Culture and Heritage

Penang's culture and heritage © Adrian Cheah

Although the British were described as latecomers in a line of Western Colonialists in Malaysia's history, they arguably left the most enduring legacy, particularly in the form of legislation and the development of George Town into a modern city. Even a short gallop through the history of Penang will not be complete without mention of the arrival of the British in 1786, and the subsequent introduction of British rule in the day-to-day administration and governance of Penang.

Penang's culture and heritage © Adrian Cheah

Penang's culture and heritage © Adrian Cheah

One could conjecture that had there been no British authority in Penang, the shape and destiny of heritage conservation could have turned out to be entirely different. Shorn of British influence, the built heritage and living culture of the ethnic enclaves could very well come to the fore. Be that as it may, historical landmarks in Penang bear the inspiration of various influences. Many still stand to this day, although in the preface to the 2nd edition of Streets of George Town, the author lamented that "many heritage buildings have fallen."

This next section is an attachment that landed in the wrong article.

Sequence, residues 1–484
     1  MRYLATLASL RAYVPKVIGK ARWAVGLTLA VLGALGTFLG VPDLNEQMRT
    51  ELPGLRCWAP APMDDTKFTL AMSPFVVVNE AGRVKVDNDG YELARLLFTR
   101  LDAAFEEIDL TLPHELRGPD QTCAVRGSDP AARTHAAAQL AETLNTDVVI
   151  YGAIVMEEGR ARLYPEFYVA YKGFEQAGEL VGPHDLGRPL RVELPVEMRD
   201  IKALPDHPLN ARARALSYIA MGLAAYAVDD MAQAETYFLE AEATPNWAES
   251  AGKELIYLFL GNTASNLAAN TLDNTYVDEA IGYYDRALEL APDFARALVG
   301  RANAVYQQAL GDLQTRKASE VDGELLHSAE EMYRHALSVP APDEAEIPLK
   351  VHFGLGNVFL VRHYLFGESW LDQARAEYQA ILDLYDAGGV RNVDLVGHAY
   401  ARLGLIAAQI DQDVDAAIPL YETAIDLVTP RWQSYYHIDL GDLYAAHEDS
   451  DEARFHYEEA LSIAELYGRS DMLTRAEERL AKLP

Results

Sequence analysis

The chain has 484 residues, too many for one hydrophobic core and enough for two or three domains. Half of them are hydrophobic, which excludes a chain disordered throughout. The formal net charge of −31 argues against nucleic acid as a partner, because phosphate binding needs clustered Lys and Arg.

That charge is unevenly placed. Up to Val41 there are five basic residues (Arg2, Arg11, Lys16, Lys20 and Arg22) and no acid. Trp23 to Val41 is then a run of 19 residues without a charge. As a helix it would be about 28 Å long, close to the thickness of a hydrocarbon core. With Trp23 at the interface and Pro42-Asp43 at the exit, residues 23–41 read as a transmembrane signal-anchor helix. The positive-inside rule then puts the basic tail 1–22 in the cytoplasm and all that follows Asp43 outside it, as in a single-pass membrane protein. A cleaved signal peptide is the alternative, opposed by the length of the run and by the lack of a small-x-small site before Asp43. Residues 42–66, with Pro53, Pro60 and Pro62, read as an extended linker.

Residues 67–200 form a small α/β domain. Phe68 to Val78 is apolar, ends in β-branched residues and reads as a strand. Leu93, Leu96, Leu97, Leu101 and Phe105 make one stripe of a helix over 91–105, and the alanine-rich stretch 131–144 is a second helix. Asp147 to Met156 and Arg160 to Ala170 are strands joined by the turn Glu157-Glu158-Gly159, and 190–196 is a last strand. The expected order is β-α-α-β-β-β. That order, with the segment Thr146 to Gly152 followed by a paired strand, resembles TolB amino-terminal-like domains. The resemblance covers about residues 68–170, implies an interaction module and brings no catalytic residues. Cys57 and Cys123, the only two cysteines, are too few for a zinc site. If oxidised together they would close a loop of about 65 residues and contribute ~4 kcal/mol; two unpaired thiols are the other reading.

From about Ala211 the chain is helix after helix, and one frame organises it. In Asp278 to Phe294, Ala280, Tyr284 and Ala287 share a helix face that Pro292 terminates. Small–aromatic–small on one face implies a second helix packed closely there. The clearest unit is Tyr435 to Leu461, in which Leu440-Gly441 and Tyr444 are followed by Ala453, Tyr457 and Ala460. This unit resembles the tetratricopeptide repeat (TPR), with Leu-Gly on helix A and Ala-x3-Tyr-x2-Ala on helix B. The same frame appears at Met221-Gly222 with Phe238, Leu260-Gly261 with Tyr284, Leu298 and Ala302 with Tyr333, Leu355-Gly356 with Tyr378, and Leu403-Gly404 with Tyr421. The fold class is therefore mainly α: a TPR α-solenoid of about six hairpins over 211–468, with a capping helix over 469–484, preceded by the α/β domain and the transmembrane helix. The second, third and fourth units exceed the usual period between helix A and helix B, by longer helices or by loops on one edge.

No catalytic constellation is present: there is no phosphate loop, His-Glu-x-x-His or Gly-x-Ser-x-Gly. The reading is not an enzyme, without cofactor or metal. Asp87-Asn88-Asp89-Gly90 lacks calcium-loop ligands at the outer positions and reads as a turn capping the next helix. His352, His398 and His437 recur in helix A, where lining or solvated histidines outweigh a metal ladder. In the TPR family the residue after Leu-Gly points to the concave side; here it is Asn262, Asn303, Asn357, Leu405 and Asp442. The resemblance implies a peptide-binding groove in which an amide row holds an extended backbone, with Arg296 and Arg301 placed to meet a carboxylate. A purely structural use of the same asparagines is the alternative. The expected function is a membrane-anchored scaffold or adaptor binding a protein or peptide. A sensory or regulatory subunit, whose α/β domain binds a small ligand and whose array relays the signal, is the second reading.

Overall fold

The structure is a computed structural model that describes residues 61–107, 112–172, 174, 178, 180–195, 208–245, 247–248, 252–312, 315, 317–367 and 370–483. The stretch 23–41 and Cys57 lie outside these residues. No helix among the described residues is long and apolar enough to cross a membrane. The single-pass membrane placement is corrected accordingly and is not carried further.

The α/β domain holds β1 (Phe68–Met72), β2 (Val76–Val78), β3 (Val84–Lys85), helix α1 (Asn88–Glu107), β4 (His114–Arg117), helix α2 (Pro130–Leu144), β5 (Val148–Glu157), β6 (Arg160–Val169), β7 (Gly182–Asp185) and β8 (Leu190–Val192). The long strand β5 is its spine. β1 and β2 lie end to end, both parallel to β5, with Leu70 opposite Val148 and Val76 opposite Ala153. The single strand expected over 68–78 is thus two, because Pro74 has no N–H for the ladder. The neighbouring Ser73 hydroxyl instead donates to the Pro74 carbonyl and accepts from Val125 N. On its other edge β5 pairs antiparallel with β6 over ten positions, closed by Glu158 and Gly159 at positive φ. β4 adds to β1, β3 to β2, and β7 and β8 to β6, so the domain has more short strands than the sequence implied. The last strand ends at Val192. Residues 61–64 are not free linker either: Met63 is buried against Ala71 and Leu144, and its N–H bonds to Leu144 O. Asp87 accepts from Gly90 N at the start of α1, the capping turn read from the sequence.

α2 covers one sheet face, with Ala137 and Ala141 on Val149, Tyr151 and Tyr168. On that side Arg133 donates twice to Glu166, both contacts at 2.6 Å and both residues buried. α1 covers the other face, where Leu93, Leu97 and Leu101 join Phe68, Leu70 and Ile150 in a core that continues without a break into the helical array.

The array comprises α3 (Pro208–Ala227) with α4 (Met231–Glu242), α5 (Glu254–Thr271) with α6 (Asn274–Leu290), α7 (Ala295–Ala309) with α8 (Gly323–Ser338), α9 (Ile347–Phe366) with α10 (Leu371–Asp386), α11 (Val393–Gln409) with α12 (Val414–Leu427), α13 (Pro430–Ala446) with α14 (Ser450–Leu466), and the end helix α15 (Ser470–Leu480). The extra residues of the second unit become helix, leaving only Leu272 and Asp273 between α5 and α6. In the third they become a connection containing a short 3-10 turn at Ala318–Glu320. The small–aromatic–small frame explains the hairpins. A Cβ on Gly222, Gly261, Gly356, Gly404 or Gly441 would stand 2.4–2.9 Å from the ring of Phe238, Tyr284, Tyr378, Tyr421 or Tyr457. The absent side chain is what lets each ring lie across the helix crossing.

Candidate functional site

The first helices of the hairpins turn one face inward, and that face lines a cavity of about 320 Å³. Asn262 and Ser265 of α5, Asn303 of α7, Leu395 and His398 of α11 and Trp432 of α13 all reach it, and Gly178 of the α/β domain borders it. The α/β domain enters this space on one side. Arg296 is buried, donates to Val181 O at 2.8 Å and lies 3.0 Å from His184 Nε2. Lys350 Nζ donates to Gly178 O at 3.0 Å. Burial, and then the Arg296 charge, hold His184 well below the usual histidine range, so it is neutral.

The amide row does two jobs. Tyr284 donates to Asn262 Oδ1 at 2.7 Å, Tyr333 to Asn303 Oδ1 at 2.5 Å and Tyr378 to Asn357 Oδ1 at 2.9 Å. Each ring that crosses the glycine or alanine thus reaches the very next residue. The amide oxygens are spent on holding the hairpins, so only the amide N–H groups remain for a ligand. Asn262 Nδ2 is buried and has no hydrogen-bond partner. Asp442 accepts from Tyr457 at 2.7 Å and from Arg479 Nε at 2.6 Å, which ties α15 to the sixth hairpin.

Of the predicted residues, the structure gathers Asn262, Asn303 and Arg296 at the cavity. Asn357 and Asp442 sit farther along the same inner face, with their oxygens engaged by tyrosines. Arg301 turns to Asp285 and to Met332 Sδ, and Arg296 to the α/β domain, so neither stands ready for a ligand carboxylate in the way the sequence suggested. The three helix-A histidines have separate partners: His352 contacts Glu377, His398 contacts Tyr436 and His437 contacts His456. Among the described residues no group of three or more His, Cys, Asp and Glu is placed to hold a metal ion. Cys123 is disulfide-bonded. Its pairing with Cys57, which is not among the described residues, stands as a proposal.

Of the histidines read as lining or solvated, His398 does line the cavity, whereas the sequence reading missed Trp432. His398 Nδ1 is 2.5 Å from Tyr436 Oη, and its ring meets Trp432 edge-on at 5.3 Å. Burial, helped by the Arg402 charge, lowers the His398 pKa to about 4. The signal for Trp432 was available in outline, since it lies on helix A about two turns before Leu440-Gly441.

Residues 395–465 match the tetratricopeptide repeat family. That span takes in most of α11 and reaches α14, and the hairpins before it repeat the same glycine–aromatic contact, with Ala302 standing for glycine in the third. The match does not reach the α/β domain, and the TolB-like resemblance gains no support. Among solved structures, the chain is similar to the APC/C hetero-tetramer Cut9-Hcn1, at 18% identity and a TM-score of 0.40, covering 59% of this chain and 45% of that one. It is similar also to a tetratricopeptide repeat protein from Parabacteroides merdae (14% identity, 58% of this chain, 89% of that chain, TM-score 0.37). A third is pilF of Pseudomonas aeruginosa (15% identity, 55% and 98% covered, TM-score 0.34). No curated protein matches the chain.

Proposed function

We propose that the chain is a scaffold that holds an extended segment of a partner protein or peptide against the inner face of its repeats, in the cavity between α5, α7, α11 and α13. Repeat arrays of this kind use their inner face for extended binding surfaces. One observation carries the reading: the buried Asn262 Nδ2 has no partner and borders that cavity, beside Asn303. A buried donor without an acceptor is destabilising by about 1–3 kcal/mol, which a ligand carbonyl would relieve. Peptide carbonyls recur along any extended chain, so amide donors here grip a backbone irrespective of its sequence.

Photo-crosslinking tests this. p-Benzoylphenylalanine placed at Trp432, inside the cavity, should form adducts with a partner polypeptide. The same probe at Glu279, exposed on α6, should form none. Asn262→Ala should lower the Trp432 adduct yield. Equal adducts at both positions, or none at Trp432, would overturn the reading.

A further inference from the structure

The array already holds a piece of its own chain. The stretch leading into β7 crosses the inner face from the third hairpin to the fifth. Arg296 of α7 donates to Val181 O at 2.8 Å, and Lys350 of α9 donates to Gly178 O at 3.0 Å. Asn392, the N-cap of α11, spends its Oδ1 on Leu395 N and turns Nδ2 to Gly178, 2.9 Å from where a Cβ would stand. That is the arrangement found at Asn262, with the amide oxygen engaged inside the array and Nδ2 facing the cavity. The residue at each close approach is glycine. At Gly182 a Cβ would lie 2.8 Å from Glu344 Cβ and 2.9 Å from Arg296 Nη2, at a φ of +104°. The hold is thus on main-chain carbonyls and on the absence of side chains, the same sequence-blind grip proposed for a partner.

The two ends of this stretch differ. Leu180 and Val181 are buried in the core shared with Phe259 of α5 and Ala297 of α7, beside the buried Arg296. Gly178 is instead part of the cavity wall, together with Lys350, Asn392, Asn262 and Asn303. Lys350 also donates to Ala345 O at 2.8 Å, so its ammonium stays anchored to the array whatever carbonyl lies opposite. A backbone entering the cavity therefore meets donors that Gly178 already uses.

Penang's culture and heritage © Adrian Cheah

George Town, the capital of the state of Penang, has one of the largest collections of 19th, and early 20th century buildings in Southeast Asia. It is a living historic city, with inner-city communities, places of worship, guilds, wet markets and bazaars, traditional trades and retail shops, trishaw peddlers and hawkers. Since 1948, George Town's heritage buildings had been protected under a Rent Control Act. A 1994 census showed that Penang had 12,453 rent control premises with 8,259 located in the heart of George Town. With the repeal of Rent Control at the dawning of the new millennium, tenants who have lived in the inner city for the last 50 years face potential dislocation. A whole historic environment, community and way of life may disappear forever. Penang's living heritage city is now facing a critical period following the repeal. The Penang State Government is doing all it can to ensure that George Town's heritage city and living culture will survive this transition. Getting George Town recognised as a World Heritage City will go a long way towards this goal.